TOKYO General Electric Co. and Konica Minolta are teaming up to bring organic-LED-based lighting products to market within three years.
GE, Konica Minolta Holdings Inc. and Konica Minolta Technology Center Inc. announced the agreement Tuesday (March 27). Konica Minolta Technology Center, GE Global Research and GE's Consumer and Industrial Business division will jointly conduct R&D based on the companies' complementary OLED technologies. Details on where products will be manufactured and assembled, and under what brands, are being hammered out.
Inorganic white LEDs are already establishing themselves as an efficient alternative to incandescent lighting sources. GE allied with Nichia Corp., the top blue- and white-LED supplier, in the field last September. White-LED-based lighting products overshadowed OLEDs at the recent Lighting Fair here.
But in a statement related to Tuesday's announcement, Masatoshi Matsuzaki, president of the Konica Minolta Technology Center, extolled the virtues of OLEDs, citing their flexibility, thin profile, low weight and availability in sheet form. "OLED lighting is considered one of the most promising new business opportunities for us in the future," Matsuzaki said.
GE has been developing OLEDs as part of its Advanced Technology Program. Recently, it demonstrated a flexible blue OLED prototype based on plastic film.
GE Consumer & Industrial vice president Michael Petras said in a statement, "In a world demanding higher standards for energy efficiency and environmental performance, OLED lighting has the potential to become a major lighting source on both fronts. And because OLED lighting is soft and diffused, it will create some exciting application opportunities for designers and specifiers.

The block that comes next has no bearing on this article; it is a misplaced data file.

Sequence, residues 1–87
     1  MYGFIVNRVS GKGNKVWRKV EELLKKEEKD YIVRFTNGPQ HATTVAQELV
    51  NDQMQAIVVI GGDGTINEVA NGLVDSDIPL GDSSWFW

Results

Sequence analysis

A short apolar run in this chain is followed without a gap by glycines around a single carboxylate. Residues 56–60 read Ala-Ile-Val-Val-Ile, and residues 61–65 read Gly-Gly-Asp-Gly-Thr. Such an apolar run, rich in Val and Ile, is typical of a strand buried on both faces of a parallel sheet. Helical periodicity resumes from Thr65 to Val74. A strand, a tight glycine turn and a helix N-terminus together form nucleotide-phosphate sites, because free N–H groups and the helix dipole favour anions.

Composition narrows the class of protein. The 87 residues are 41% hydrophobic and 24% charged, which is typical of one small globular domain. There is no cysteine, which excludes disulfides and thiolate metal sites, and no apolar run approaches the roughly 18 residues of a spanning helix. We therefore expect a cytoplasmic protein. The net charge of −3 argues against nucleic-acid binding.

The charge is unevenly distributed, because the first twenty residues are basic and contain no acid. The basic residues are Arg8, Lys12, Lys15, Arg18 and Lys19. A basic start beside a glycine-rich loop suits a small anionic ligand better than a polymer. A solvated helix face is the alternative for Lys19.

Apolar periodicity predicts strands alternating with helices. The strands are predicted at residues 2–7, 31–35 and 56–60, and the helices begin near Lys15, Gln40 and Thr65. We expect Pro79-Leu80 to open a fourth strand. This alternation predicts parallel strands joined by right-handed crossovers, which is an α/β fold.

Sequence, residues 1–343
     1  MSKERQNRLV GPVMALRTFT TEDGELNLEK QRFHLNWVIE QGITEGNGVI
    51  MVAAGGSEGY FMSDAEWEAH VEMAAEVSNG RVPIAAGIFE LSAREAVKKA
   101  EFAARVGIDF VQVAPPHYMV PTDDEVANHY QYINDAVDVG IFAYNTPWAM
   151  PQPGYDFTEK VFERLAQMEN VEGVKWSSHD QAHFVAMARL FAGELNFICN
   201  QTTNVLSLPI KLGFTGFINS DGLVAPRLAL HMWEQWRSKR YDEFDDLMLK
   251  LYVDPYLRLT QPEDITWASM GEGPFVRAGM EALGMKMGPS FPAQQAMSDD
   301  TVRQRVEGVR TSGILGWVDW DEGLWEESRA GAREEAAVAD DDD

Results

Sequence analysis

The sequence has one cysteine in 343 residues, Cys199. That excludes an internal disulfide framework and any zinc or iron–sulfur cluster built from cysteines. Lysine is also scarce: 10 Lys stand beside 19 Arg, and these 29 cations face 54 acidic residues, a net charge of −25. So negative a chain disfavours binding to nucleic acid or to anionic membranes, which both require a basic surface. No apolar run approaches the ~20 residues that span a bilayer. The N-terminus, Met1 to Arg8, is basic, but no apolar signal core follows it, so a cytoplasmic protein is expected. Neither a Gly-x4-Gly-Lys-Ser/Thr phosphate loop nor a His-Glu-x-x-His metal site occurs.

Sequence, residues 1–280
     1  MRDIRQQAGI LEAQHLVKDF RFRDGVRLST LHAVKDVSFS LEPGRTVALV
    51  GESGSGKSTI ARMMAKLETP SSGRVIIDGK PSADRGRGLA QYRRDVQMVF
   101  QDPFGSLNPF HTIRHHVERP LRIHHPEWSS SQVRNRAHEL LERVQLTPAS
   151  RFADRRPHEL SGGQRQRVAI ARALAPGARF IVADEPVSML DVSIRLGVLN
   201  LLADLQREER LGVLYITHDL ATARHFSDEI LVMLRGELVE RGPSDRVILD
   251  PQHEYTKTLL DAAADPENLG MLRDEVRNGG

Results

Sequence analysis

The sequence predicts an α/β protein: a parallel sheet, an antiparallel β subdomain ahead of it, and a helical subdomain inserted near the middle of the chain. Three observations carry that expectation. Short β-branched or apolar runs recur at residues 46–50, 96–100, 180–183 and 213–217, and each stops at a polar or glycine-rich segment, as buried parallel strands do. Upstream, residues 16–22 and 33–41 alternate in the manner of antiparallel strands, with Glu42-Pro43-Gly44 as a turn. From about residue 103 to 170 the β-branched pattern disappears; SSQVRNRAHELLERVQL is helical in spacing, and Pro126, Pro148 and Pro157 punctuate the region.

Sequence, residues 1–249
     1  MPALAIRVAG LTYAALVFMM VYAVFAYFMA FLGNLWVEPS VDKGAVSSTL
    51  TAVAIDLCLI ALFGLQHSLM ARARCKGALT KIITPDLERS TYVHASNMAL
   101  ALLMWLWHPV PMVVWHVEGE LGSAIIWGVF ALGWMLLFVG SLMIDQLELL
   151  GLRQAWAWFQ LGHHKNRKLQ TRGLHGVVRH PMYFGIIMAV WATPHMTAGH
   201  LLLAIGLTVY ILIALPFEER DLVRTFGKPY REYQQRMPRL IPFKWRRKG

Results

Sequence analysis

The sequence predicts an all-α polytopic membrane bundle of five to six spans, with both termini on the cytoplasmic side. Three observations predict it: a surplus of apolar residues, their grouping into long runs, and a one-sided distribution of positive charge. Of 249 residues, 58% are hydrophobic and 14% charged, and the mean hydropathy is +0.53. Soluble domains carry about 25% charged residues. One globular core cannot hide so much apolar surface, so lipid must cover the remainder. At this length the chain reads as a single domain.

"The applications are numerous, ranging from ceiling lighting for office and residential applications to interior automotive and aircraft lighting to many specialty lighting applications, such as task lighting, signage and various forms of interior retail lighting."
Thinness and direct light illumination are OLED advantages, but organic materials are subject to deterioration with moisture. Development of high-efficiency blue-emitting sources has been another challenge for OLED developers.
In June, Konica Minolta reported on a white-OLED panel with record high efficiency of 64 lumens/watt, brightness of 1,000 candelas/square meter and a 10,000-hour lifetime. The company said the prototype satisfies the requirements for lighting equipment.
The panel employs phosphorescent materials, which have higher efficiency than the fluorescent materials conventionally used for OLEDs. It also taps a Konica Minolta-developed blue material, developed last year, that emits light with a brightness of 300 cd/square meter with a 16,000-hour operating life.
Konica Minolta also claims to have developed superior barrier-film technology for protecting the OLED emitting layer from moisture.